LONG before the days of task forces, the Romans constructed the Amphitheatre of Aspendos to the east of Antalya. “You looked around and thought, ‘Wow, how did they build this 2,000 years ago’,” said Lee Westwood of a visit to one of the best preserved Roman remains outside Italy along with Sergio Garcia and Henrik Stenson before the Turkish Airlines Open starting today.
Based on events in the wake of their defeat at Gleneagles in September – the setting up of an 11-man task force, for instance – it appears to have been an easier job, however, than the Americans trying to lay the foundations for a system that can help them improve on a record of just two wins in the last ten Ryder Cups.
“I think it’s a massive pat on the back for the European team that the Americans need a task force to pull all their ideas together now,” admitted Westwood, who leapfrogged Seve Ballesteros to become Europe’s fourth-highest points scorer as he made his ninth appearance in the biennial event as part of Paul McGinley’s triumphant team in Perthshire. “We are now the favourites and the Americans need to up their game because they are not happy as they keep losing. They are looking for new ways to improve and this task force is obviously a massive step for them.”
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Including both Tiger Woods and Phil Mickelson, it was set up in the aftermath of a defeat that led the latter to publicly criticise the American captain, Tom Watson, and the fallout from that turn ugly over the past few weeks.
“There didn’t look to be that much harmony within the US squad and that’s obviously a vital component when you are trying to win a team event,” added Westwood, who offered some interesting observations about the Ryder Cup captaincy as he picked out the three men he reckons are the leading contenders to get the US job for the 2016 match at Hazeltine, Minnesota.
“In my opinion and experience, captains don’t really have a massive influence on winning a Ryder Cup for their side,” declared the Englishman. “But they can certainly have a massive influence on losing it and getting stuff wrong. That’s where they [the Americans] have got to focus.
“There are two or three obvious candidates. Fred Couples would be the first. He’s had the experience and success at the Presidents Cup and would be pretty easy to get along with and play for, I would imagine. Paul Azinger, because he’s the last one [US captain] to have won [in 2008].”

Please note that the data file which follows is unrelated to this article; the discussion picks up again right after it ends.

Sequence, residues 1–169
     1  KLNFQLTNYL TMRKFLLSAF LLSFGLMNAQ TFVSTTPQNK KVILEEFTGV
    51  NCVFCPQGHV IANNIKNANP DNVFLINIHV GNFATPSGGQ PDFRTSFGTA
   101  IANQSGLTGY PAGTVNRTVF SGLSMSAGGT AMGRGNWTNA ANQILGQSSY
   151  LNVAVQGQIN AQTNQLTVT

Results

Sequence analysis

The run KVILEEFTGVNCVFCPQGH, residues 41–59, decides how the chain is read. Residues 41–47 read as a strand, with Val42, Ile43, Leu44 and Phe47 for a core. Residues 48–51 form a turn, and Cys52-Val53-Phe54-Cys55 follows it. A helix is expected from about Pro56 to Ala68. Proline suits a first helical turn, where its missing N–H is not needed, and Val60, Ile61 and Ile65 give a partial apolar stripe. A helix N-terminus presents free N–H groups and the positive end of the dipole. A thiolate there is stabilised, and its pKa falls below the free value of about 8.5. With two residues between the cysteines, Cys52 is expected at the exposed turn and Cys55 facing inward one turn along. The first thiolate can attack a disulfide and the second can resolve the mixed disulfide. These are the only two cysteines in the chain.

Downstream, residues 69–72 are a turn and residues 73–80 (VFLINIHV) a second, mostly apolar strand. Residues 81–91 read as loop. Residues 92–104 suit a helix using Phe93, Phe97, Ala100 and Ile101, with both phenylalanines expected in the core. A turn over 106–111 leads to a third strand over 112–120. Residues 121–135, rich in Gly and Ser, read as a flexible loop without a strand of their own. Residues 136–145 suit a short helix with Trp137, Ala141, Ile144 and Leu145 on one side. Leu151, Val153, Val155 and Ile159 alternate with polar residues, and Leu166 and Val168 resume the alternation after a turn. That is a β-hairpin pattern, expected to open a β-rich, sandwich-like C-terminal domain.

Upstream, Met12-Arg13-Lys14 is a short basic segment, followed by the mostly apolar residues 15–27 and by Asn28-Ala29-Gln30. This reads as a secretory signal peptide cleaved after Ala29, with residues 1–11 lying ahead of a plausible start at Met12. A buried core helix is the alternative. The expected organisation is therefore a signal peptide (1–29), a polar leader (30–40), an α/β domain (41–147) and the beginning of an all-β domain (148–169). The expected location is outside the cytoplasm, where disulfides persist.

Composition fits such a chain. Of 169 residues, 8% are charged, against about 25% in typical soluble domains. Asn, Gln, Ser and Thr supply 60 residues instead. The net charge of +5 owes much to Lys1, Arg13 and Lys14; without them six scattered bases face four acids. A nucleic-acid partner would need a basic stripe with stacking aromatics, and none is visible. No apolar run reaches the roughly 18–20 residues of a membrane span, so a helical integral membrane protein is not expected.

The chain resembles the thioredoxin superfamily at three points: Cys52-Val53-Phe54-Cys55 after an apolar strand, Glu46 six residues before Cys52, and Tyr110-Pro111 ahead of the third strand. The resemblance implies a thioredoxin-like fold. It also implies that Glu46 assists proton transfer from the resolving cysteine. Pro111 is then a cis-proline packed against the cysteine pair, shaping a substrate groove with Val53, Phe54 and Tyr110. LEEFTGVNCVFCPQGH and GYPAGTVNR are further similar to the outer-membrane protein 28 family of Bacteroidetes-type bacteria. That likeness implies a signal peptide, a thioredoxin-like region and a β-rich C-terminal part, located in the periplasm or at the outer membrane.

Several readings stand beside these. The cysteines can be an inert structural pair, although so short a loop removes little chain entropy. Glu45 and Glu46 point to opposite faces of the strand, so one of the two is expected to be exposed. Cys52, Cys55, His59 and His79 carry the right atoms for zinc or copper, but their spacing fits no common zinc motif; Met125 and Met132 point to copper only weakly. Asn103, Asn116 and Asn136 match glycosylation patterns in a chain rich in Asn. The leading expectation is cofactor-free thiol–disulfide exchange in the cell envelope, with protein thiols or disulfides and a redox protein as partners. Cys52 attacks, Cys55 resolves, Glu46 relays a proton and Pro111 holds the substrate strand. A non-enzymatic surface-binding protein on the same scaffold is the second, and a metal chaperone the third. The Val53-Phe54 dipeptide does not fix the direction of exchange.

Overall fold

Westwood reckoned his third choice, Steve Stricker, could be a non-starter due to the fact he’s not a major champion but, according to a leading US golf writer covering this week’s event in Belek, there is no such criterion.
“Steve is a pretty nice, solid guy and someone that everybody respects and would rally and play for,” added Westwood, who can also see Jim Furyk coming into the frame but, like himself, perhaps not until after he makes one final playing appearance.
In Westwood’s case, if that’s in the next match then it is likely to be under his good friend Darren Clarke. As a five-man panel prepare to start the process to appoint McGinley’s successor, the Northern Irishman is a hot favourite, with his only rival for the coveted post probably being the colourful Spaniard, Miguel Angel Jimenez.
“Darren just edges it for me,” admitted Westwood as he prepared to join seven other members from the winning team at Gleneagles in the penultimate event in the European Tour’s “Final Series”. “That’s based on his record and also the fact it’s in the States, where he’s got a good reputation and won World Golf Championships.
“I backed Darren last time and Paul got it – and I was wrong, Paul was a great captain. I’d like to see Darren get it next time and sit down with Paul and let Paul shoot a few ideas at him and feed off the momentum that Paul really built up being the captain.”
Colin Montgomerie, the 2010 winning captain and unofficial tournament host this week – the £4.4million event is being played on the Montgomerie Maxx Royal in Belek – admitted a “changing of the guard” in terms of Ryder Cup results over the past 20 years was something even he had never envisaged.
At the same time, though, he added his voice to the chorus calling the US task force an over-reaction. “I don’t see the necessity in that task force,” said the eight-times European No 1. “I just see someone getting the Americans to play as a team for each other.”
Asked if he felt Mickelson’s criticism of Watson had perhaps played as big a role in the task force being assembled as the result itself, Montgomerie said: “A bit of both probably. I think one of the players being critical or expressing an opinion that was doubting captaincy aided that task force being assembled and losing didn’t help either.”
A member of the European selection panel, Montgomerie, who added Jay Haas, the US captain for next year’s Presidents Cup to the list of contenders for Hazeltine, described the appointments of both skippers for that match as “difficult”. He said: “One, we have to maintain what we have, and two, especially in America and with the task force and all the stuff that’s been done, that new American captain has to win.”
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